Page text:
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Five sources of iron to include in your diet


I know what you are thinking but yes organ meats are good sources of iron, and liver contains 36% per serving. Organ meats are also rich in many other nutrients such as selenium, vitamin A, and choline. Popular types include liver, kidneys, brain, and heart, all of which are high in iron. Liver is also great for babies. 



Chickpeas are mostly known for being the main ingredient in hummus but have become quite popular in salads or curries on their own. They are definitely worth the hype as cooked chickpeas are high in not just iron but protein. Chickpeas can be eaten hot or cold and are highly versatile with plenty of recipes. 


Dried fruits like apricots

A cup of dried apricot halves contains 4.1 mg of iron and dried fruits are also rich in fibre, vitamins, minerals, and antioxidants. They make ideal snacks as they are easy to eat on the go. Dried fruit is great for a quick an easy pre-workout food, fix yourself some dried berries, apricots, figs, and pineapple. Dried fruits are a good source of simple carbohydrates that are easily digestible, so grab a handful.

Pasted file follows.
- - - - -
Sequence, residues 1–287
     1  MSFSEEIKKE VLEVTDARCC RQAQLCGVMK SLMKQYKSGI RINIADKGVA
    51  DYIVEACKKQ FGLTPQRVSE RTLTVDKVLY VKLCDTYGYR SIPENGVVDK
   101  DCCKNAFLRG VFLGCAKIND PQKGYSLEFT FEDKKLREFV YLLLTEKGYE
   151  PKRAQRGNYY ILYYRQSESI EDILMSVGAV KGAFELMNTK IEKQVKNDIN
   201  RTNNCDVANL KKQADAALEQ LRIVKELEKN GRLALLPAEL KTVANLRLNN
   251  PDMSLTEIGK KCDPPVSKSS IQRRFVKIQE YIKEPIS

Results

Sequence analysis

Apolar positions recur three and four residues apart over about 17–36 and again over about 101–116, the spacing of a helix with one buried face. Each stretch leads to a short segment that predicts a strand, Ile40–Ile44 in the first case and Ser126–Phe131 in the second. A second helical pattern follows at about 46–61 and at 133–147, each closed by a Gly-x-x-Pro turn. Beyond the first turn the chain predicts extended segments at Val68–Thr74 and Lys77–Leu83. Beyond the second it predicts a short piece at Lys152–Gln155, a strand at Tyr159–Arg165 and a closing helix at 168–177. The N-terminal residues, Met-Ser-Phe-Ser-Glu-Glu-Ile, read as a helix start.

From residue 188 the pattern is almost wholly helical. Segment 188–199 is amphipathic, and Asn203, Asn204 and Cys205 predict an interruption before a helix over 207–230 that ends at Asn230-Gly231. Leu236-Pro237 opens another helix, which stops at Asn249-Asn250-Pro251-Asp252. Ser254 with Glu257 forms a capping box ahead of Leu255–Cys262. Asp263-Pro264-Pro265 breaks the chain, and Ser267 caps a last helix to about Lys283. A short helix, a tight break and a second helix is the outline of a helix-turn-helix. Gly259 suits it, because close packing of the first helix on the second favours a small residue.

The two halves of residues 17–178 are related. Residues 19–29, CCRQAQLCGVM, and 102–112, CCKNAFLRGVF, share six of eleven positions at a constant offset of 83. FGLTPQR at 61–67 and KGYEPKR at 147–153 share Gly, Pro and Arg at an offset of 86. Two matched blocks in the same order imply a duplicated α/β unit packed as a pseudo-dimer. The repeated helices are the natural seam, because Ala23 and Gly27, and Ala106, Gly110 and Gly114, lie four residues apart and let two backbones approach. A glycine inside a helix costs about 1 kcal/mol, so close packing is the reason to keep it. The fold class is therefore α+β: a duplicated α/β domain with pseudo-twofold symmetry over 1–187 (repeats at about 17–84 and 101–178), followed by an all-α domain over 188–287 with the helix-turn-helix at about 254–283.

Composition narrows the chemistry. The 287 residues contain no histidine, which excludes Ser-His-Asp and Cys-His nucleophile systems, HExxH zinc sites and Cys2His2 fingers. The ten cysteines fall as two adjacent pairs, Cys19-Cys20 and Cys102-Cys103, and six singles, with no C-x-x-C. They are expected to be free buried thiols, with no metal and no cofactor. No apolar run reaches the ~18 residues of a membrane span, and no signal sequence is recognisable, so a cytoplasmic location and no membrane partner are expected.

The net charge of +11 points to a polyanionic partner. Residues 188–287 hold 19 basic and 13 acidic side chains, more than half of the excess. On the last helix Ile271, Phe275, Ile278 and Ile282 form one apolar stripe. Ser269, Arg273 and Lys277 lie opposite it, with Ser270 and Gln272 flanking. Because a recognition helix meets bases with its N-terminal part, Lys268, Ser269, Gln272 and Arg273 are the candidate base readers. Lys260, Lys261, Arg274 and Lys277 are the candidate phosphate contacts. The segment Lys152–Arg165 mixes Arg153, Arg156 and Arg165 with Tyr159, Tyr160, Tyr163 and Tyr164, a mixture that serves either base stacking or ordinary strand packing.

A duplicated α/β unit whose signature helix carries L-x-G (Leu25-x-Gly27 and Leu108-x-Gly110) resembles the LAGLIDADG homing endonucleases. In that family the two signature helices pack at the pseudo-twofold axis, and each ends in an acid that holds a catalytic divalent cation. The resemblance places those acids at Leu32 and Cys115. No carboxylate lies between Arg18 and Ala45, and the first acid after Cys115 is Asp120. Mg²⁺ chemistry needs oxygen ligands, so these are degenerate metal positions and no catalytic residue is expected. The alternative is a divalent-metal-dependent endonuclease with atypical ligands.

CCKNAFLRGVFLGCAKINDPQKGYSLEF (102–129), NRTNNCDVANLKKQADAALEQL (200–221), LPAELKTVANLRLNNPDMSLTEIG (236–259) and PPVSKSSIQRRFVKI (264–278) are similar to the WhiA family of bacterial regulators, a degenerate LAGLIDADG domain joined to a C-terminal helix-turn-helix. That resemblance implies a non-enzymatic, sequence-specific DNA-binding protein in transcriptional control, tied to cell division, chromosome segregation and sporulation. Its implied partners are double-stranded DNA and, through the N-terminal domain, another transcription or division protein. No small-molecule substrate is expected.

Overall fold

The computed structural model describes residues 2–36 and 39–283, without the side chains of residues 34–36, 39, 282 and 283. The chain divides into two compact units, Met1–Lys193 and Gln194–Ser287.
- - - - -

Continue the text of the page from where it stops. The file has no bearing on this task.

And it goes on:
Quinoa provides 16% of the DV for iron per serving. It also contains no gluten and is high in protein, folate, minerals, and antioxidants. Quinoa has no gluten so it’s a great alternative for people who are gluten intolerance. It also has more antioxidant activity than any other grain. Quinoa can just be enjoyed in many ways but the most popular is a salad. 



Spinach provides many health benefits but is very low in calories. Around 100 grams of raw spinach contains 2.7mg of iron. It is also packed with numerous antioxidants and beta carotene, which may boost the infection-fighting ability of our immune system. Whether it’s tossed in a salad or wilted in a curry spinach is so easy to include in your diet.

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